ON THIS DAY: January 13, 2020

January 13th is

Peach Melba Day

Gluten-Free Day

Rubber Ducky Day

Sticker Day *

Stephen Foster Memorial Day *

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MORE! Ernestine Rose, Émile Zola and Melba Liston, click

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WORLD FESTIVALS AND NATIONAL HOLIDAYS

Austria – Maria Alm: Fringe Festival
(winter sports competitions and music)

Belarus/Russia/Ukraine – Malanka
(St. Melania the Younger’s Feast Day)

Brazil – São Paulo: São Paulo Pret-a-Porter
(fashion exhibition) Cabo Verde – Democracy Day

Canada – Toronto:
Best of LGBTQ Short Film Festival

Chile – Santiago: Santiago A Mil (arts festival)

India – southern India: Bhogi (first day
(of Makarasankrinti – midwinter fest)

Japan – Coming of Age Day

Lithuania – Freedom Defenders Day

Macao – Macao City Fringe Festival
(art and culture festival)

Mexico – Ajijic: Lake Chapala Society
Mexico’s Year of Fiestas (seminar)

Monaco – Bibliothèque Louis Notari:
La Pause Ecriture (literary discussion)

Mongolia – Constitution Day

Morocco/North Africa: Yennayer
(Berber New Years)

New Zealand – Auckland:
Art in the Park at Triangle & Rocket Parks

South Africa – Umhlanga:
Summer Festival of Learning (computers)

Togolese Republic – Fête de la Libération

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On This Day in HISTORY

532 – In Constantinople, a quarrel between supporters of different chariot teams—the Blues and the Greens — in the Hippodrome escalates into the Nika (Win!) riots, with days of burning and looting that destroys half the city and an estimated 30,000 dead



915 – Al-Hakam II born, Caliph of Córdoba (961-976), the second Umayyad Caliph of Córdoba; noted for securing a peace with the Catholic kingdoms of northern Iberia, and his patronage of scholars; his personal library is said to have contained thousands of books,  many on history and the sciences. He employed the woman mathematician Lubna of Córdoba as his private secretary

1338 – Siege of Dunbar Castle:  ‘Black Agnes’ Randolph, Countess of Dunbar and March was known for her dark complexion, and became renowned for her heroic defence of Dunbar Castle in East Lothian against an English siege led by William Montagu, 1st Earl of Salisbury, which began on January 13, 1338, and last until June 10, 1338, during the Second Scottish War of Independence (1331-1341). Her husband, Patrick Dunbar, the 9th Earl of March, was away fighting, when an English force of 20,000 laid siege to Dunbar Castle, but Lady Agnes refused to surrender. Legend says she declared, “Of Scotland’s King I haud my house, I pay him meat and fee, And I will keep my gude auld house, while my house will keep me.” Salisbury’s army began the siege using a gigantic siege tower called a sow to hurl boulders and lead shot at the ramparts. Black Agnes set one of her ladies-in-waiting to dusting off the ramparts with her handkerchief, and called out that Salisbury should  “take good care of his sow, for she would soon cast her pigs, (meaning his men), within the fortress.” She then ordered that one of the hurled boulders be thrown down from the battlements unto the sow, which was crushed to pieces. When one of the Scottish archers struck an English soldier standing next to Salisbury, the earl is said to have cried out, “There comes one of my lady’s tire pins; Agnes’s love shafts go straight to the heart.” Unable to make progress by siege, Salisbury turned to craft. He bribed the Scotsman who guarded the principal entrance, advising him to leave the gate unlocked or to leave it in such a manner that the English could easily break in. However, the Scotsman, though he took the Englishman’s money, reported the stratagem to Agnes, so she was ready for the English when they made entry. Although Salisbury was in the lead, one of his men pushed past him just at the moment when Agnes’s men lowered the portcullis, separating him from the others. Agnes, of course, had meant to trap Salisbury, but she moved from stratagem to taunt, hollering at the earl, “Farewell, Montague, I intended that you should have supped with us, and assist us in defending the Castle against the English.” After John Randolph, 3rd Earl of Moray, captured Agnes’ brother, the English threw a rope around his neck and threatened to hang him if Agnes did not surrender the castle. However, she responded that his death would only benefit her, as she would inherit his earldom. (She was not actually in line for the earldom, so either she was taking a gamble with her brother’s life, or the story came later.) As a last resort, Salisbury decided to isolate the castle from the roads and any communication with the outside world, trying to starve out the Countess and her garrison, but Ramsay of Dalhousie, who had justly earned a reputation for being a constant thorn in the English king’s side, got wind of what the English were trying and moved from Edinburgh to the coast with forty men. Appropriating some boats, Ramsay and his company approached the castle by sea and entered the postern next to the sea. Charging out of the castle, the Scotsmen surprised Salisbury’s advance guard and pushed them all the way back to their camp. After five months, Salisbury gave up and lifted the siege, but the triumph of a Scotswoman over an English army lives on in a ballad, which puts these words in Salisbury’s mouth: “Cam I early, cam I late, I found Agnes at the gate.”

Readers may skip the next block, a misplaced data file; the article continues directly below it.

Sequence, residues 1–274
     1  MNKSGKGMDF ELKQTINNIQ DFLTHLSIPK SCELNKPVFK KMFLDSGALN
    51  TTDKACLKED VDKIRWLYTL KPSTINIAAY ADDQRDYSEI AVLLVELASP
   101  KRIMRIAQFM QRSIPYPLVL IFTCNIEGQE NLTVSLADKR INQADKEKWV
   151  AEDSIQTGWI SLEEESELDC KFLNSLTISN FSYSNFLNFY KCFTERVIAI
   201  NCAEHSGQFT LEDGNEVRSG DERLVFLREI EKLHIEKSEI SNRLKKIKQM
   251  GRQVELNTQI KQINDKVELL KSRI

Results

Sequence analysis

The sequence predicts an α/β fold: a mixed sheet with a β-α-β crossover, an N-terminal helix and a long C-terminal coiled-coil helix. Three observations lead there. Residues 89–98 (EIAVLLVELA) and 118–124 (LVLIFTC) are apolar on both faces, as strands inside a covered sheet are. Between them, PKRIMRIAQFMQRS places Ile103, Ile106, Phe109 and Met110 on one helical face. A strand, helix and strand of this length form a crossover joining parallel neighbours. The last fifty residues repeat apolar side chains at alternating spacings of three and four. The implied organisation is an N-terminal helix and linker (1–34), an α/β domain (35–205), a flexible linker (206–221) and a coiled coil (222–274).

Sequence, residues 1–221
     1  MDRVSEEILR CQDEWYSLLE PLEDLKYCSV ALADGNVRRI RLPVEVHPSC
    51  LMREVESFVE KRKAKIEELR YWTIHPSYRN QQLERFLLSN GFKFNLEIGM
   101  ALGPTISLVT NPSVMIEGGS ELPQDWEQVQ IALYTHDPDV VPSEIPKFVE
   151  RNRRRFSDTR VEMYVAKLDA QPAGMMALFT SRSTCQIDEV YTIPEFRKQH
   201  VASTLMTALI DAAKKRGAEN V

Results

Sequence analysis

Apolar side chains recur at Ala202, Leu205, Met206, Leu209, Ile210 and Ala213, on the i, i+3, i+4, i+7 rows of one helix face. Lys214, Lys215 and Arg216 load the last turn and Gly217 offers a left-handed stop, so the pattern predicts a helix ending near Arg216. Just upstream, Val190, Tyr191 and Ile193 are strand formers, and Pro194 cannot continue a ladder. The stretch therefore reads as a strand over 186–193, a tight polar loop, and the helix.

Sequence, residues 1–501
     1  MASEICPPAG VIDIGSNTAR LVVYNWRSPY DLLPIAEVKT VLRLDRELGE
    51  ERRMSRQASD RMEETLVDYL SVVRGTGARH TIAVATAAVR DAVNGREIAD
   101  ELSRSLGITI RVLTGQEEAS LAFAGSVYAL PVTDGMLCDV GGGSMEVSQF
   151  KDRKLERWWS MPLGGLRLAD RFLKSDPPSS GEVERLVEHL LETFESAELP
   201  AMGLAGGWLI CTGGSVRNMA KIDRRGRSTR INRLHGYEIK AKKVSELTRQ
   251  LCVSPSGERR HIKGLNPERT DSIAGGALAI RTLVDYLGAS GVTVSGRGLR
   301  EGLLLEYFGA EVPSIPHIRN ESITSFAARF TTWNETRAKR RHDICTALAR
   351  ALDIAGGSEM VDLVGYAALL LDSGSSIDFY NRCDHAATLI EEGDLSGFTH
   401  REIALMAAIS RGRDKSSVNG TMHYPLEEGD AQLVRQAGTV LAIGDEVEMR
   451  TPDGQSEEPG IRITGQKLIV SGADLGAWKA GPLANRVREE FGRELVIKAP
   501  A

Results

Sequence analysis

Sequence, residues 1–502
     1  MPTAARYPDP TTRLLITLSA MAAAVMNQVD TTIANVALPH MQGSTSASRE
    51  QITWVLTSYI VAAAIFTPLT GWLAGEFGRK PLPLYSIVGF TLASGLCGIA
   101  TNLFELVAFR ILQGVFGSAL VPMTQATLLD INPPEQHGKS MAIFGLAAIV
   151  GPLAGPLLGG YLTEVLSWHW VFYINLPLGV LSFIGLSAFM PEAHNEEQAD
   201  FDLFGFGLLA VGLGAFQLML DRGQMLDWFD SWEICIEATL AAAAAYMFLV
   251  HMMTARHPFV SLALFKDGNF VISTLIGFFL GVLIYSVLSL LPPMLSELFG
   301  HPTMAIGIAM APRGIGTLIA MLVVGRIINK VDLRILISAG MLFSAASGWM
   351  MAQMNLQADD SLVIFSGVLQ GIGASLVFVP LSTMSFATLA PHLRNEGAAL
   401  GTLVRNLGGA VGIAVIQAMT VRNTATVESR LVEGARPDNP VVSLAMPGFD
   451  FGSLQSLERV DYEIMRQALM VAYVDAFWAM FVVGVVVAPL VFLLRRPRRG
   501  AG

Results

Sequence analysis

1435 – Pope Eugene IV issues the Sicut Dudum, forbidding the enslavement of the Guanche natives in Canary Islands by the Spanish

1750 – The Treaty of Madrid between Spain and Portugal authorizes an expansion of Brazil’s borders with the Spanish territories, borders that were originally established in the 1494 Treaty of Tordesillas

1793 – Nicolas Jean Hugon de Bassville, ambassador from Revolutionary France, is lynched by a Roman mob for making derogatory remarks about the Pope and Catholicism

1808 – Salmon P. Chase born; Secretary of the Treasury under Abraham Lincoln, and later Chief Justice of the Supreme Court



1810 – Ernestine Rose born in Poland, American Jewish free thinker, atheist, feminist and abolitionist; by age 14, she had renounced all Jewish laws and customs that relegated women to an inferior status. When she was 16, she inherited a significant amount of property, but without consulting her, her father arranged for her to marry a man his own age, and signed over her inheritance as the dowry. She took her inheritance claim to a Polish court, where she won a legal endorsement of it. She left Poland the following year, having to leave most of her inheritance to her father, and moved to Berlin, then the Netherlands. She next spent time in Paris before moving to England, where she married reformer and silversmith William Rose in 1836. They immigrated to New York, where she became a leader and an intellectual force in the women’s rights movement, campaigning against the law that deprived married women of control over the wages they earned or any property that was theirs before they married. New York became the first state to pass the Married Women’s Property Act. She also fought for the abolition of slavery and a ban on the manufacture of alcoholic beverages.  In 1869, she was a co-founder, with Susan B. Anthony and Elizabeth Cady Stanton, of the National Woman Suffrage Association, aiming at passage of a constitutional amendment to give women the right to vote.